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July 1972

Microbiology of Nosocomial Infections

Author Affiliations

Bronx, NY

From the Division of Microbiology and Epidemiology, Bronx-Lebanon Hospital Center, Bronx, and the Department of Microbiology, Mount Sinai School of Medicine, New York.

Arch Intern Med. 1972;130(1):104-110. doi:10.1001/archinte.1972.03650010090017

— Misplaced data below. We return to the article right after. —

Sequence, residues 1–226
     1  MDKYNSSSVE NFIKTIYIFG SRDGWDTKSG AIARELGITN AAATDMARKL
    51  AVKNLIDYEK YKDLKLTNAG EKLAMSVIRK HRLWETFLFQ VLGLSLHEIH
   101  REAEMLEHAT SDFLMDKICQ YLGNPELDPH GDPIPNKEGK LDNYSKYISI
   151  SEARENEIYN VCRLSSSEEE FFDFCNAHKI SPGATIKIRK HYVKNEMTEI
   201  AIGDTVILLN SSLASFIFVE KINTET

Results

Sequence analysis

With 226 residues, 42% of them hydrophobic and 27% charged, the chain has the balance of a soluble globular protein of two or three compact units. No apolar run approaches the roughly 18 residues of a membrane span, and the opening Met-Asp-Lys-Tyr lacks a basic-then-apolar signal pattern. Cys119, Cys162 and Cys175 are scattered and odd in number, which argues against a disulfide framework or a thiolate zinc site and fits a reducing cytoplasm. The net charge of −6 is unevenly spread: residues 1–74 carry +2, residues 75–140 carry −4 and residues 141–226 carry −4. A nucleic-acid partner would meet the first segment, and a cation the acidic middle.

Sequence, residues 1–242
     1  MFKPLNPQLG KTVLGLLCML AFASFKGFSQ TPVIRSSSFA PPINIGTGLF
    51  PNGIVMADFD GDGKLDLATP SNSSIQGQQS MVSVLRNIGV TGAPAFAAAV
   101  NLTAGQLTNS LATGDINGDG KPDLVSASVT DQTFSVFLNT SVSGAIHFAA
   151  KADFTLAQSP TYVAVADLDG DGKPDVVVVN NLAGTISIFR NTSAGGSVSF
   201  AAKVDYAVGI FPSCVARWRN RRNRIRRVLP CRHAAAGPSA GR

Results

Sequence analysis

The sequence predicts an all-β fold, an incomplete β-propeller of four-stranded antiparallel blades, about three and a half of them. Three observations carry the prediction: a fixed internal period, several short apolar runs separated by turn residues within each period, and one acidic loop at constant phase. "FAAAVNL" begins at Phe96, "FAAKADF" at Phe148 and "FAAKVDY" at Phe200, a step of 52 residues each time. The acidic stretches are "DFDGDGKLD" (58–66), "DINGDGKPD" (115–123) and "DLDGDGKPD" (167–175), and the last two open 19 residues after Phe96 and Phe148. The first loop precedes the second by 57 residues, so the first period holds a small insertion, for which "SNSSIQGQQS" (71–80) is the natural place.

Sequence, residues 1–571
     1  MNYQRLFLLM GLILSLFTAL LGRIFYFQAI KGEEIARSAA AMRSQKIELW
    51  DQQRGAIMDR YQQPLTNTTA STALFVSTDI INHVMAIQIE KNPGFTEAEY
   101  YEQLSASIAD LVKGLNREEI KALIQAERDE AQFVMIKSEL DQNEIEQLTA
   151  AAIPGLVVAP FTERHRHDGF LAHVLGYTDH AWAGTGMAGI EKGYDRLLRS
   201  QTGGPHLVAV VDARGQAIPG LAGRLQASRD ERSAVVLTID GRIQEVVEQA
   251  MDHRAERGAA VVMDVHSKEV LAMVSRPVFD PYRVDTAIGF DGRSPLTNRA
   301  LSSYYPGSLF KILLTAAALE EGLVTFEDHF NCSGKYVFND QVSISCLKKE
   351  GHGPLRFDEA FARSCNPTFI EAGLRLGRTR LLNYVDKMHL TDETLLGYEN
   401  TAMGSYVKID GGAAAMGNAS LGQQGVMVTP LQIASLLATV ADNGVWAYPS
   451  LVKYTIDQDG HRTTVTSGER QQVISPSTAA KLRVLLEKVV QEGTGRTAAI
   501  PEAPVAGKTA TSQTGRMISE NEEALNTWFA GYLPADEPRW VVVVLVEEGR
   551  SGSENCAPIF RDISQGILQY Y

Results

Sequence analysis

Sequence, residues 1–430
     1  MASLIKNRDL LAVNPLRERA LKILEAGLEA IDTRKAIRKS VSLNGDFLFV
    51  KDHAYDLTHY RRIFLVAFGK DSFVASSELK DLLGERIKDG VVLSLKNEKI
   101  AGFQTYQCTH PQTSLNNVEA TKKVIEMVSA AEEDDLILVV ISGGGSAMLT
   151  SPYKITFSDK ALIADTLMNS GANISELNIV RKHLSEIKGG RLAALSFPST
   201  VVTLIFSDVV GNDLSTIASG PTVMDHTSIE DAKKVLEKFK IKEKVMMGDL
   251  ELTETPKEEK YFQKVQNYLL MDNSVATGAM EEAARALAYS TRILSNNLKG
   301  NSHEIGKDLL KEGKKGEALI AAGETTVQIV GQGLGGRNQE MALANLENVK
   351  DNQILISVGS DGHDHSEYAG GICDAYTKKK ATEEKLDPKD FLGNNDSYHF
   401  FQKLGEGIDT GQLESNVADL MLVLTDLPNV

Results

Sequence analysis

Of all patients hospitalized at Bronx-Lebanon Hospital Center during a six-month period, 7.9% had infections and 3.6% had nosocomial infections. Three fourths of all organisms from nosocomial infections were gram-negative and Escherichia coli, Klebsiella and Proteus represented three fourths of all gram-negative organisms. A larger variety of species was observed in infections following antibiotic treatment plus instrumentation than in infections preceded by only one or the other factor. Antibiotic sensitivity tests on all organisms revealed the highest percentage of resistance to ampicillin and tetracycline and the greatest degree of sensitivity to gentamicin, chloramphenicol, kanamycin sulfate, and cephalothin. Comparing the isolates from nosocomial infections to those from community-acquired infections, the gram-negative organisms from the former were more resistant to antibiotics than those from the latter, and gram-positive organisms were equally resistant from both places.

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